Based on my observations from Modern Masters 2013, we’re going to be in for another interesting ride this time around as well. Unlike last time, we had up-to-the-minute price tracking at GP Vegas because MTGPrice had authors on the floor keeping track of the event for everyone. This enabled us as a community to see in real time what the dealers were paying for certain cards from the set that weekend. Why is the GP weekend important? Because it shows us which cards the dealers felt were going to be the most important going forward by having their buylists reflect that confidence all at once (due to the massive influx of tons of people opening expensive cards and wanting to offload them).

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Hey, even Standard cards made the list! Thanks for the snapshot Douglas Johnson.

As Corbin mentioned in his post on June 4th, the dealers had to compete with buylist prices for chase cards like Tarmogoyf because even though only one or two vendors had a high buylist price for the card initially (the $130 and higher range) that meant that everyone else eventually had to raise their buylist prices in order to snag some Tarmogoyfs for themselves.

As they say, history is doomed to repeat itself and Tarmogoyf is no exception. Don’t get me wrong. This time the price of card did drop. Going from $220 to $170-$180 is definitely a discount. Yet, is it good enough? I’m sure we’re all thinking to ourselves that a 22% discount isn’t really that great in this case since the card is still pretty darn close to $200 per copy, which is what sets like MM15 are supposed to remedy. Many players were expecting ‘Goyf to fall much harder than this. A lot of us in the mtgfinance community we’re pretty solid believers in the idea that ‘Goyf might even drop into the double digits, at least for a while. Yet, the card is still as wildly popular and in demand as ever and an entire slew of fresh reprints hasn’t really made a large impact in the retail price.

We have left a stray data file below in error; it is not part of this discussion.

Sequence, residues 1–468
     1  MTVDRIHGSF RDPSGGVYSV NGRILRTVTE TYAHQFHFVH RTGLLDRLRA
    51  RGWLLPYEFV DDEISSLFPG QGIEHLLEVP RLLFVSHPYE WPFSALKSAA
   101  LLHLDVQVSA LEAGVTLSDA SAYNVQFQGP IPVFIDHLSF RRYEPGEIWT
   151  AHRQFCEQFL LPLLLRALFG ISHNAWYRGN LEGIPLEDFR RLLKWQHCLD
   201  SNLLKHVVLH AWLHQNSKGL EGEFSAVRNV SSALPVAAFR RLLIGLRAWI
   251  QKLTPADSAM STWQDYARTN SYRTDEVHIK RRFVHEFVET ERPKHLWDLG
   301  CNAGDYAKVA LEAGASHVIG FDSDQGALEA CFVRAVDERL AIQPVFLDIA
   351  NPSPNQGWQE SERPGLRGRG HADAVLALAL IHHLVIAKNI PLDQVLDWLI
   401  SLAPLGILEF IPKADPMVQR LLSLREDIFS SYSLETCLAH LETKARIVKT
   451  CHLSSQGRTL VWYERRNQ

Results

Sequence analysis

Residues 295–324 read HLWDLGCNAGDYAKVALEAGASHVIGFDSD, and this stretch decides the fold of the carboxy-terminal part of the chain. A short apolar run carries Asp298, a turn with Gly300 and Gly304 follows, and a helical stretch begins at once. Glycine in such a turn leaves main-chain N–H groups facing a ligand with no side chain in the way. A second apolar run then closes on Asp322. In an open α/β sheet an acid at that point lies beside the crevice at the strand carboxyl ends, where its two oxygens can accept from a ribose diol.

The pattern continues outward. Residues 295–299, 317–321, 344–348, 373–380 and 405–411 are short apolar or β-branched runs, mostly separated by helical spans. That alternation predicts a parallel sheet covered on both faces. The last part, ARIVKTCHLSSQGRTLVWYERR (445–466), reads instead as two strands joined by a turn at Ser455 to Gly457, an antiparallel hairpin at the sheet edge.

Again, let’s go back to the release of Modern Masters 2013. That time, ‘Goyf didn’t move in price at all. It was $120 before the release and stayed $120 after the release. There are two reasons for this. The first is that ‘Goyf was (yet again) printed at mythic rather than rare. I can understand why Wizards printed it at mythic the first time around – they wanted to make sure that they didn’t crash the price of the card and create a situation similar to Chronicles. This time around they could have done things differently though. They knew that printing ‘Goyf at mythic wasn’t going to do anything to its price in the long term. This leads to the second reason that ‘Goyf didn’t move in price this time and last – the player base increase. Once you get a taste of the ‘Goyf, well you just can’t have only one. You need a full playset in order to make it work in Modern. Jund just isn’t the same without four of them. It also doesn’t help that Jund has been doing really well in Modern recently, further exacerbating the demand for Tarmogoyfs in the format.

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I think Wizards made a big mistake not printing ‘Goyf at rare this time around. They knew what happened last time, knew that players were still going to demand a large amount of ‘Goyfs this time, and still decided to keep it at mythic and guaranteeing it an absurdly high price. If it was a rare we wouldn’t be seeing the $180+ retail prices but I still think that ‘Goyf would be in the low $100s based on the demand we’ve been seeing in Vegas and beyond. As it is, by the end of the year we all know that ‘Goyf is going back to $200 and beyond as time continues. Again players who hoped to pick up ‘Goyfs cheap have had those hopes dashed.


Alright, alright, enough about ‘Goyf. I’m sure you’ve heard about him to death at this point and I’ve said what I have to say on the matter. Let’s see some prices on other staples. Also, let’s take a look at the data with the previous retail prices and see how much of discount we’re getting on singles now.